Our lives depend on some deep nourishment that- like our placental origins- lurks nearby but amorphous.
O sages, O glories, thank you for the momentary animation of all this collision of inexplicable awe.
Though I and thou and all I love is mere dust, weíre caught in a whirlwind of singular happenstance,
And for however long this crazy weather bounces along,
So passionately I savor this spin in your improbable circles.
Birth all in this wild party over and over again
In such cunning ways that weíll never
Dance the same way twice.
We are standing here as Asheville residents, Buncombe County taxpayers, and concerned North Carolinians. But we've also gathered as humans, for our own causes, for whatever fire that is burning deeply in your chest. We are our Mother's children. My mother worked three jobs to raise me as a single parent, and in the early '80s took me along to her Women's Liberation Movement meetings. I can't say I remember much from those young nights, but I did gather there was some kind of inherent inequality that made no sense whatsoever, and Mom was doing her part in her own way to right wrongs that might not be realized for generations. In many ways, that work has only just begun to pay off- and now, she is teeming with cancer, dependent on the very government that only in the past decades has begun to redress the rights of women. The system is slow to yield- yet as it does, it only grows roots elsewhere that we must be ever-vigilant to watch for, lest they take hold in some unforeseen soil and strangle the harvest weíve so long been toiling under the hot sun for.
We are our Fatherís children. Sat on knees, taught right from wrong, the glowing eyes of childhood looking to men as our exemplars as to the right and noble use of power. My father, though our political views of the world contrast, taught me that the system is a thing that changes with will and attention alone- ignore governance and be governed. Participate in governance, and govern together. How we long for a world where those ideals reigned as simply as they are spoken, but the halls of power are shellacked with a veneer that keeps our hands from truly feeling the marble underneath, democracy is no longer hewn by hard-worn hands that have worked their way up- it is as cheapened as a neon sign that buzzes long into the night that the club is open to members only. To reclaim true participatory democracy, we need to tear down the false temples to its dying memory and bloody our knuckles in working to build a new liberty from the ground up- from the street corner to door of the Governorís Mansion- if no one answers the polite knock than we take it off the hinges- that is the Peopleís Door, not any one man's.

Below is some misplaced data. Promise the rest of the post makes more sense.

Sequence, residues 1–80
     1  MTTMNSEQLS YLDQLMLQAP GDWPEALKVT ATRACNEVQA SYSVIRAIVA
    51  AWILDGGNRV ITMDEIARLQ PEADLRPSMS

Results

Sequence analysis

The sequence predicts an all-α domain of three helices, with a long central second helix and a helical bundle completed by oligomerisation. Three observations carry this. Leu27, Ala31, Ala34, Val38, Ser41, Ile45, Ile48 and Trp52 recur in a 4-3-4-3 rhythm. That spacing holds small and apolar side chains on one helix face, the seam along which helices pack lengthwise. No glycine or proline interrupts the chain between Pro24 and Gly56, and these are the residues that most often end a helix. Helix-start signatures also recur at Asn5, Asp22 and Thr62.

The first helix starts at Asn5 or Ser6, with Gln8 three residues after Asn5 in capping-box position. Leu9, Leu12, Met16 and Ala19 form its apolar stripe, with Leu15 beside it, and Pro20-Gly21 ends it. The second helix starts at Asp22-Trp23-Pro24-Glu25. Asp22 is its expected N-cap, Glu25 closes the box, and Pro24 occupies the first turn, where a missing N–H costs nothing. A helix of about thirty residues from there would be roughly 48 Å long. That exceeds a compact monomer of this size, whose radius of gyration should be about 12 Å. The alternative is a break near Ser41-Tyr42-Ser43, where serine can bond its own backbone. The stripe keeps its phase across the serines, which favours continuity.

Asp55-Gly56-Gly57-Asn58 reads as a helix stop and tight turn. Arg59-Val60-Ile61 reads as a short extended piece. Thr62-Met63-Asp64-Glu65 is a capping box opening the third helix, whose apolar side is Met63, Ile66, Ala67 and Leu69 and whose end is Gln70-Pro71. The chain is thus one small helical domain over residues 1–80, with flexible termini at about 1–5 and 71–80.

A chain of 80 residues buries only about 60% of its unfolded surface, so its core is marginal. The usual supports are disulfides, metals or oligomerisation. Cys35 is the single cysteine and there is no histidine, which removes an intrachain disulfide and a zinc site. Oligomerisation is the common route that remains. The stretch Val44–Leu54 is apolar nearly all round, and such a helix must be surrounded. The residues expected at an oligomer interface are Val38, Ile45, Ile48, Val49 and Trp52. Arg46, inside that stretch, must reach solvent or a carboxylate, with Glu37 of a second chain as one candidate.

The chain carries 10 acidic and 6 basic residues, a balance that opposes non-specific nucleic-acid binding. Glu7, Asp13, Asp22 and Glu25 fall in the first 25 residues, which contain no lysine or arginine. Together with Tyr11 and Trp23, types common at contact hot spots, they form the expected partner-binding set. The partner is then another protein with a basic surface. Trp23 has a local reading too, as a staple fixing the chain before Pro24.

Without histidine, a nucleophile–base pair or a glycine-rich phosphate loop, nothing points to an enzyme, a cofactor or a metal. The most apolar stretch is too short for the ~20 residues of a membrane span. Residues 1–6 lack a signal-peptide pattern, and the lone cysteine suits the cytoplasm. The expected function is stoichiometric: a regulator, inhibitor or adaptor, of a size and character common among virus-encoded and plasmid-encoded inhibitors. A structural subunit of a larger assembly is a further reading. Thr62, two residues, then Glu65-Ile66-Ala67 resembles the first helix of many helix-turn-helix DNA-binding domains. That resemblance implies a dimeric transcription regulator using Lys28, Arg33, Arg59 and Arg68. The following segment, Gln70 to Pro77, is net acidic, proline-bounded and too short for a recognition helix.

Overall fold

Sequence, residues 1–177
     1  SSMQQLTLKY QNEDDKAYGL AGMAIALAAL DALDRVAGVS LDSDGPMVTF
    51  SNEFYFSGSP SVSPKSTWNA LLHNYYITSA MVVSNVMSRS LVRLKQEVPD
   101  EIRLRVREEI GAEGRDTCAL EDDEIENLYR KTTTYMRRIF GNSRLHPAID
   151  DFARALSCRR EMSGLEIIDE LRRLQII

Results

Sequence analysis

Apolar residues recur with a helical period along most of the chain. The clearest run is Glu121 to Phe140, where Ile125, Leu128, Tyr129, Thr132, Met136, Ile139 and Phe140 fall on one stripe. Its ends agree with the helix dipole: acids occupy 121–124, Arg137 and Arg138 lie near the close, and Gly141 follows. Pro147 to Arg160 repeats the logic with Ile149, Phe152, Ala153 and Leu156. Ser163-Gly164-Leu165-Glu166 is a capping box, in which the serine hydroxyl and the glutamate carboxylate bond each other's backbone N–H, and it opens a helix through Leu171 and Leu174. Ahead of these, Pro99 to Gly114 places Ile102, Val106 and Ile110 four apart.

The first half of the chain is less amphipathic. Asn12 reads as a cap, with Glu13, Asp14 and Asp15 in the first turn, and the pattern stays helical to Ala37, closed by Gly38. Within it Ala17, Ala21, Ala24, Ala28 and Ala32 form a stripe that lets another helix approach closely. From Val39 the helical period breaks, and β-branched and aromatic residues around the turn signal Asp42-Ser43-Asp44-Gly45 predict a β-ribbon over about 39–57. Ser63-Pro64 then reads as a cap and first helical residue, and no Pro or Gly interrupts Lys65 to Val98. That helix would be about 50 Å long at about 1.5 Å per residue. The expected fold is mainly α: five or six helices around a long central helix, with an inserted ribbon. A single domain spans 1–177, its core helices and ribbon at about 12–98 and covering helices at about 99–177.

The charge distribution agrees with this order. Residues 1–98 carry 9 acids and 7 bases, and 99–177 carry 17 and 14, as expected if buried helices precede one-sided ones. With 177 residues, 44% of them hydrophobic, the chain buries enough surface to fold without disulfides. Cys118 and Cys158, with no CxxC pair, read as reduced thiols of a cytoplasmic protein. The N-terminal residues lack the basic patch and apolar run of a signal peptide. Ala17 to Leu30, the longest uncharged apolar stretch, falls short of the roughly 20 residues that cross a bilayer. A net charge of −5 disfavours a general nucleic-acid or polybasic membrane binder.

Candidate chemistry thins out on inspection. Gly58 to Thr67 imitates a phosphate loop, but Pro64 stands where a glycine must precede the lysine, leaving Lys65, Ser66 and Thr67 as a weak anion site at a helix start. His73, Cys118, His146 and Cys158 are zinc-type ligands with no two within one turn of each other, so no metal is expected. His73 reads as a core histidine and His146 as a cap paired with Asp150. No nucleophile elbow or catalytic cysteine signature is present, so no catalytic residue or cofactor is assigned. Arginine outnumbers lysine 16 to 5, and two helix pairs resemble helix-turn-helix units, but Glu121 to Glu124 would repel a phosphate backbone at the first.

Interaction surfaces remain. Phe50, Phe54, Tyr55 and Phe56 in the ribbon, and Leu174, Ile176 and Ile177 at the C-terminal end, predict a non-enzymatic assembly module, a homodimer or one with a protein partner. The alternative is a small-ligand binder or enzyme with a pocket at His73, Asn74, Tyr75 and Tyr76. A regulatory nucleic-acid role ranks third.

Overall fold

I've worked for over seven years in the most poverty ridden corners of western NC. I've seen the horrors of psychosis from Meth substitutes made from insecticides. I've seen children cut their bodies all to hell because they believe there is no hurt in this world greater than being unheard. I've seen the body bags. But I've also seen the hope. I've been told countless times that without mental health and substance abuse services (which have been largely stripped down to being crisis driven), that the sobbing patient gripping my hand would have no hope to live. I was once told by a doctor that the patient I was about to evaluate was doomed to die, cirrhotic, an unmotivated drunk. That was four years ago, and with the help of the very services that are under attack he recovered and is now coaching his nephew's little league team. I also was told that a person very dear to my heart was little more than group home and jail fodder at age ten. He's now employed more than he wants to be and is addicted to nothing worse than Zombie movies and I'm damn proud of him.
Friends, let us remember that our ancestors came to America not because they were running out of land in Europe, but because they sought to create something radically different. The American experiment has suffered horrific growing pains and inflicted great injustice while seeking out a way to somehow make it- much like a teenager who struggles with identity and what to believe and how to act, we have had a very rough childhood as a nation, and we have been very hard on Mother Earth and Father Sky. But they can be forgiving, if we truly mean it. And we can make amends to ďthe least of these,Ē and keep the promises that bound us together from the start, and get better at keeping them. Practice justice. Practice kindness. Practice love. And by all means, why we are gathered today, practice transformation- we will not get it right in a day, or a decade, but itís a progression of efforts through the generations that will be recalled by the generations to come. Transform North Carolina, Raleigh, Western North Carolina, Buncombe County, Asheville, your street, your home, your heart. Thatís where it begins, ends, and where the measure of our successes will be felt the most.